Leonard Mitchell is the new acting director of New York City's Department to Investigate Misconduct and Corruption. In particular, it's the job of his office to root out and punish corrupt cops. Mitchell is very anxious to get the job on a full-time basis and so it's important that he make a big score right out of the gate.
He gets his chance with a case involving a veteran detective named Ralph Mulino. Mulino is fifty-three years old, a cop with a bad knee and a shadow that's dogged his career for years. He's called out in the middle of a hot night to investigate an alarm from a ship at anchor in the harbor. He's not really the logical person to respond to such a call and can't imagine why he captain has insisted that he should go. But once ordered to do so, he naturally agrees.
When the Harbor Patrol delivers him to the vessel, Mulino climbs a long slippery ladder and makes his way up onto a deck that appears deserted. After a few minutes, though, he discovers a body lying on the deck and suddenly realizes that he is not alone. He tracks down a man moving through the containers and orders him to freeze. The man raises a gun in his direction and Mulino fires a single shot, dropping the man in his tracks. As the man lays dying, Mulino pulls a lanyard from under the guy's shirt and discovers a detective's badge.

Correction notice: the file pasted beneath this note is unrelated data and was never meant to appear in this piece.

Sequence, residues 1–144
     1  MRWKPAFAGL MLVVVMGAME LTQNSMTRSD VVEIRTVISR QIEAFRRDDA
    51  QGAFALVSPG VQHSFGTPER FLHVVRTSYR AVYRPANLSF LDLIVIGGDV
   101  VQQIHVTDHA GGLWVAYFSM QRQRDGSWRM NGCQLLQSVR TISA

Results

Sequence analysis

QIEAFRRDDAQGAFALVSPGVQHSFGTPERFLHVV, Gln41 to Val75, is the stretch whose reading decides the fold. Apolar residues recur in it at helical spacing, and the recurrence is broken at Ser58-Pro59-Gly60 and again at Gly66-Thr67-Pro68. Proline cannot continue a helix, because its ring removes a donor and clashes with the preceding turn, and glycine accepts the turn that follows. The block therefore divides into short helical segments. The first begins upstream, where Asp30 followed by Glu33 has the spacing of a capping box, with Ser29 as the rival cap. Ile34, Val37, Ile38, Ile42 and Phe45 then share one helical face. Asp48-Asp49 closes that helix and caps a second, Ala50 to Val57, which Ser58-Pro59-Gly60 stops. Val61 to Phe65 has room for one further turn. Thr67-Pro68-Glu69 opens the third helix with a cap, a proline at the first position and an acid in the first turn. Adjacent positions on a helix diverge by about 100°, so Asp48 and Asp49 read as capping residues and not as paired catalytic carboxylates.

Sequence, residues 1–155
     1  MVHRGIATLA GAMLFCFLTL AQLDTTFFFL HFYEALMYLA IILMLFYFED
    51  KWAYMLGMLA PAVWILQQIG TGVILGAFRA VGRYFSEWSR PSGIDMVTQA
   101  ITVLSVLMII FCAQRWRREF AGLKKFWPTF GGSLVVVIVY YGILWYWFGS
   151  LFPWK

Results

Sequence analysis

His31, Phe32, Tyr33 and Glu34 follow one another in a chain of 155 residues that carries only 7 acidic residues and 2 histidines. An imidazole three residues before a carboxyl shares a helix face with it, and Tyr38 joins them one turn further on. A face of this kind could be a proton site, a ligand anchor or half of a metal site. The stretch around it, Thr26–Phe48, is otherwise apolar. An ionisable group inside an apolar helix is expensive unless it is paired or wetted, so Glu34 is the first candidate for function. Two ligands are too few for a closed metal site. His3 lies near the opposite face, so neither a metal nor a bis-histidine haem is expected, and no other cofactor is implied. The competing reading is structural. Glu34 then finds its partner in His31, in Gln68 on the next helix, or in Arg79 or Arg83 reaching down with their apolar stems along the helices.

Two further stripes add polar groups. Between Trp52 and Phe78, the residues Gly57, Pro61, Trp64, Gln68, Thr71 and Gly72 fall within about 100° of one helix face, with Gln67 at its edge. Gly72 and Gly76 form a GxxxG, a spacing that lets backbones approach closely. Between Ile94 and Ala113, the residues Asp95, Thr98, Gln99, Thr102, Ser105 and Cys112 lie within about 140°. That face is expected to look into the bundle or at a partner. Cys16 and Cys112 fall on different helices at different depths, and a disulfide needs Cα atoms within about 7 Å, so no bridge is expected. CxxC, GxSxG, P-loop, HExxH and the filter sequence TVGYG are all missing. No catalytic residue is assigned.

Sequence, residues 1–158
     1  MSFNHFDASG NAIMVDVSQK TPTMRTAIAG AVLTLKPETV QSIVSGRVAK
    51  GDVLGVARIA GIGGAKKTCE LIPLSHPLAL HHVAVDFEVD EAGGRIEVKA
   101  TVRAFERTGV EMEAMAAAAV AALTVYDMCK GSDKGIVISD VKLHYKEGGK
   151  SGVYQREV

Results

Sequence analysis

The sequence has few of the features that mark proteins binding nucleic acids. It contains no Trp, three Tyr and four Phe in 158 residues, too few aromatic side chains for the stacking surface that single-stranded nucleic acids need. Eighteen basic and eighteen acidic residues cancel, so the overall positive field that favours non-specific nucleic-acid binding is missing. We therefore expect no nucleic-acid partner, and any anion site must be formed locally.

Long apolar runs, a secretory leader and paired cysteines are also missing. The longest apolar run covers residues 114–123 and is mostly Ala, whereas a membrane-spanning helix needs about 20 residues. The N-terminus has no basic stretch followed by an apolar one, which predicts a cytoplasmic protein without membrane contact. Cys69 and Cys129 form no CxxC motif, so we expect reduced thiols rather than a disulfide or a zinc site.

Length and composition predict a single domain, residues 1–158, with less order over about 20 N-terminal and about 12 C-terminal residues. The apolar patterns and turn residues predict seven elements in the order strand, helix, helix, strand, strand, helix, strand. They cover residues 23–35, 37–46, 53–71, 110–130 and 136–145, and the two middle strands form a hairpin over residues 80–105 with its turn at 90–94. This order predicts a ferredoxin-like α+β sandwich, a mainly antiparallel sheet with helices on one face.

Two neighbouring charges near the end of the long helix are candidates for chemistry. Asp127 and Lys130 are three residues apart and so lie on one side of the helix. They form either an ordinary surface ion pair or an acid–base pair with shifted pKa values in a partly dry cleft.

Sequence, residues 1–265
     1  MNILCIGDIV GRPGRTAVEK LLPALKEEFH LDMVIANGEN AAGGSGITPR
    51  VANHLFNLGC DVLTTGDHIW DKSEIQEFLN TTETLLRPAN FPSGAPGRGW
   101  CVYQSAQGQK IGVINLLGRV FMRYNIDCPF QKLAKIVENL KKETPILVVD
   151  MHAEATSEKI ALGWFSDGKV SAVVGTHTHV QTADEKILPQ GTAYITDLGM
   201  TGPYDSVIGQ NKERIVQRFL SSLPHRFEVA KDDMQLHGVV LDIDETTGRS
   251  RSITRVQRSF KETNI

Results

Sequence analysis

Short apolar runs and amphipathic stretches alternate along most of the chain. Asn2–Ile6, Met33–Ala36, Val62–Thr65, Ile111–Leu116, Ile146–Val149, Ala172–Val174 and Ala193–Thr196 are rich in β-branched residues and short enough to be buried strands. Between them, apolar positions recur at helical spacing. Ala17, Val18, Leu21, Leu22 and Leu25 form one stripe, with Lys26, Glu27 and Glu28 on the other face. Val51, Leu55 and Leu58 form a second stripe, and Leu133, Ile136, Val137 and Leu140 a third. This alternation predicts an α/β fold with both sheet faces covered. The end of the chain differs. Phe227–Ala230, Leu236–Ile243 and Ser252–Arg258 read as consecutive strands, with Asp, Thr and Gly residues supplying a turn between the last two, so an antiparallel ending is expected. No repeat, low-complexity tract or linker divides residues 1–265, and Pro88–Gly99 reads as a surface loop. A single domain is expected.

At which point, all hell breaks loose.
A swarm of cops arrives and Mulino tells his story. The only problem is that no one can find the gun that Molino saw in the dead man's hand. Thus the case falls to Leonard Mitchell who sees a chance to make his bones by bringing down Molino. But as he digs further into the case, Mitchell finds that he's pulled back the curtain on a web of corruption and financial intrigue, and the more he presses the case the more complicated--and dangerous--it becomes.
This is a taut thriller with a unique protagonist and a very clever set of crimes. The author, a playwright, is himself a veteran of New York City's Civilian Complaint Review Board, and he clearly knows the territory. The city itself is a major character in the novel, and Case puts you right in the middle of it. For example, there's a garbage strike going on during the course of the book, and by the time the author gets through describing it, you could swear that there was a bag of rotting garbage sitting right next to your Barcalounger.
This is a book that will appeal to a large group of crime fiction fans, especially those who enjoy complex and fast-paced stories set on the Mean Streets of the country's most important city--an excellent debut novel.